By Robert Underwood
For over three decades, I have been a participant in the discussion about the future of the Chamorro language. In the beginning I was strident but in recent years I have been more reflective.
For me, the objective of keeping the Chamorro language alive remains one of my strongest personal passions. I am fortunate that I can speak and write Chamorro reasonably well. I tried to pass it along to my own children but with only moderate success among the older ones.
In addition to this, it was part of my professional responsibility for nearly two decades as a bilingual educator and teacher trainer.
Looking back on my personal and professional efforts and based upon the declining use of Chamorro in the public sphere, I feel like I have failed. I am part of this general failure when it comes to saving the Chamorro language.
In recent years, the cause of protecting the Chamorro language has become increasingly popular among elected officials and has made it into renewed legislation. Earlier this week, it made it into Gov. Eddie Calvo's State of the Island speech. These are good-faith efforts and I don't doubt their sincerity, but one can't help but be bemused by individuals who argue passionately for something they don't do themselves. It is as if we were being admonished to exercise by people who never get off the couch.
Solution: Use the language
The solution to saving Chamorro is obvious -- don't encourage its use by others; use it yourself. Use it daily. Use it in some fashion other than the word of the day. At the word of the day rate, we will be into the 22nd century before we repeat one word.
Use it like a language is meant to be used. When in school, teach it. Teach it as a language, not as part of another activity. Don't substitute dancing or basket weaving or hut making for it and then claim that you are teaching language through activities that may be worthwhile, but they don't really teach language.
It seems that we want others to use it and others to teach it, but nobody wants to use it themselves or really learn it. The Chamorro language is an object to be admired, not a tool for expression or a conduit for a culture.
The solution is obviously not just more mandates in school, although that is part of a broader solution. If we are going to create a Chamorro-speaking community, we must have Chamorro language immersion programs starting next year with very young children. The Hurao Academy carries this out with great success with a small number of children. Let's replicate this for hundreds of children at public expense. It won't be for everybody, but it should be made available to anybody who wants it.
We can continue with the Chamorro language mandate for everyone else. But nobody can seriously think that a language can be taught via elementary school lessons of 20 or 30 minutes daily in which choral reading, choral responses, singing and activities take central focus. If the children already spoke Chamorro, these would be great ways to reinforce their knowledge.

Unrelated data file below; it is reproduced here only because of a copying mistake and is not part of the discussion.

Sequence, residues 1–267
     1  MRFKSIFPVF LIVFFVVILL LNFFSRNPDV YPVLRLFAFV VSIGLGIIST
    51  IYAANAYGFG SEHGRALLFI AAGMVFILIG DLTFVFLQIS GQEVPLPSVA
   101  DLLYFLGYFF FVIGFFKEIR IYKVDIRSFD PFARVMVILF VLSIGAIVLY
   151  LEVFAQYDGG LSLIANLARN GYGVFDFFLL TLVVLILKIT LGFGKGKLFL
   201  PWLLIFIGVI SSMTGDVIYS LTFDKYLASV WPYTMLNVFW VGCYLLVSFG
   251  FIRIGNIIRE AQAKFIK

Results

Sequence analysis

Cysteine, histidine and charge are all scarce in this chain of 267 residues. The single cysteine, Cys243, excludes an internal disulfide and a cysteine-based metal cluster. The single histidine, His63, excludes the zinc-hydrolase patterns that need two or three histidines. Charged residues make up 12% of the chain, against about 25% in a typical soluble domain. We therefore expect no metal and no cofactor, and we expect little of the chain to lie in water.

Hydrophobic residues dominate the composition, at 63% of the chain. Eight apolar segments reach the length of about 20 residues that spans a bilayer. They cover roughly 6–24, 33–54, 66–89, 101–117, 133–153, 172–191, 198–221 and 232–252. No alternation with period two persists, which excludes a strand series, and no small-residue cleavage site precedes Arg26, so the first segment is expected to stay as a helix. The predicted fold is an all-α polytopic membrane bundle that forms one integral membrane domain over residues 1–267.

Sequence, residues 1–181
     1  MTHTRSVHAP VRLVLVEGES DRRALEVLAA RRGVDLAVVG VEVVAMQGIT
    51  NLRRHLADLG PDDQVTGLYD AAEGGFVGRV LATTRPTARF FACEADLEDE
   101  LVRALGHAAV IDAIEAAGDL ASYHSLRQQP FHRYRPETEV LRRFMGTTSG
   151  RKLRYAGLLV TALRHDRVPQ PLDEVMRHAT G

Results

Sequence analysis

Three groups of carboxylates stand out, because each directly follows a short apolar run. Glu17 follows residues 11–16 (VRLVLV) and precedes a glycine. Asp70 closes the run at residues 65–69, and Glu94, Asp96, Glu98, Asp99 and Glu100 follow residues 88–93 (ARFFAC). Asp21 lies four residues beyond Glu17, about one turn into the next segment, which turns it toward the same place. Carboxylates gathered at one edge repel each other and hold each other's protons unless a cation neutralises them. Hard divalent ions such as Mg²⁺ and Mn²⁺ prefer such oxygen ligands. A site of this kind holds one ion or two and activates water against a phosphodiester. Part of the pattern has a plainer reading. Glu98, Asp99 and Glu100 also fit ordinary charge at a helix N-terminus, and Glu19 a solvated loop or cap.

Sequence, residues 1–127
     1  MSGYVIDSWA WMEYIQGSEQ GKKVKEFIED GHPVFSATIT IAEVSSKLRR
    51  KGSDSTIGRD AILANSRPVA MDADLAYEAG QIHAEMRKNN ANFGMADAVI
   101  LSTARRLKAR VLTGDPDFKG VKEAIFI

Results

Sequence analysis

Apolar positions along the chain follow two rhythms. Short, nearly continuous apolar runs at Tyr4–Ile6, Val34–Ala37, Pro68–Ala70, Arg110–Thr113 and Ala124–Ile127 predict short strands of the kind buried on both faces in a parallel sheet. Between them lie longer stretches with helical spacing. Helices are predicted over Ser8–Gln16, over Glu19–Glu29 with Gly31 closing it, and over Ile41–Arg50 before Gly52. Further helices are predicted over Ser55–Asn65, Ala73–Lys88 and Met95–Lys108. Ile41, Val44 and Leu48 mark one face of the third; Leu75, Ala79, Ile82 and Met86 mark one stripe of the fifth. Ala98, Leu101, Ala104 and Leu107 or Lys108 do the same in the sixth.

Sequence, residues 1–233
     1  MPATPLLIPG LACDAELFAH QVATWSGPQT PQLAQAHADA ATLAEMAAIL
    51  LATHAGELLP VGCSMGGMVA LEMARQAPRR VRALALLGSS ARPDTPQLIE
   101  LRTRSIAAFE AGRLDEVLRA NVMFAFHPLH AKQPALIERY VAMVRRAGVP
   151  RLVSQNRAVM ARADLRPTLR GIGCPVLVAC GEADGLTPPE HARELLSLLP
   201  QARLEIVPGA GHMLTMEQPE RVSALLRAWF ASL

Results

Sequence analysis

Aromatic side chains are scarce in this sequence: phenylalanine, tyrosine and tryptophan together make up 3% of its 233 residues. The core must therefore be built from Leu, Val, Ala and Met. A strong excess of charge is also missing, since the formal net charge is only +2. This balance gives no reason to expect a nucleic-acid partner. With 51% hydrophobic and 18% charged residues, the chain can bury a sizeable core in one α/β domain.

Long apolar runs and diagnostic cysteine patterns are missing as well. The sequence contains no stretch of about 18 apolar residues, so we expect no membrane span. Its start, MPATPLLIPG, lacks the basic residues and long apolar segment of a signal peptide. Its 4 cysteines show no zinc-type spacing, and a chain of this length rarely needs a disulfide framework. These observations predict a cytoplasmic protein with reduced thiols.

Moreover, in order for people to take this subject seriously, assess the progress in the same way you would assess any school subject. Where are the Chamorro language assessment instruments and when will they be administered to the children?
Schools cannot be the only institution that provides support or a venue for Chamorro language use. It must be used in the public sphere in a way that is friendly and encouraging and can be embraced by all. This can be done via local TV and radio stations, government agencies and religious institutions.
Of course, the university needs to step up itself and provide the intellectual infrastructure for the Chamorro language. We recently began a Chamorro Studies program. We will see how many people are interested, but we will provide the necessary support for the broader community while we study the language in depth.
There will be those who argue about language and utility as an economic issue, as a historical fait accompli or as a matter of social and cultural oppression. There will be those who will argue that mandates offend choice and freedom. All of these arguments about the role of language in any society have been around for decades. I have heard most of them.
The reality is that preserving the Chamorro language is a worthwhile objective for Guam. Spending common resources on what makes Guam unique is not wasteful. It is at the core of who we are as a society and as a people.
Next time you say "hafa adai," try to imagine all the words, thoughts, feelings, ideas and emotions that are part of the language and people that produced this elegant but simple greeting.
I thought that simple words like hafa adai and manamko' were generally comprehensible in Guam. I recently drove through a fast food restaurant. I was greeted with a friendly hafa adai. I was asked what I wanted, I said I wanted oatmeal and a manamko' coffee. I was charged the regular coffee. I raised my voice and told the young lady that I asked for a manamko' coffee. She told me that the restaurant only served regular or decaf. I am willing to bet that this young lady probably took Chamorro in school years ago. She can recognize her colors and count to 10 or 20 and sing "Fanohge Chamorro." But this amko' could only get regular or decaf.
Maila' ya ta satba I lengguahe-ta!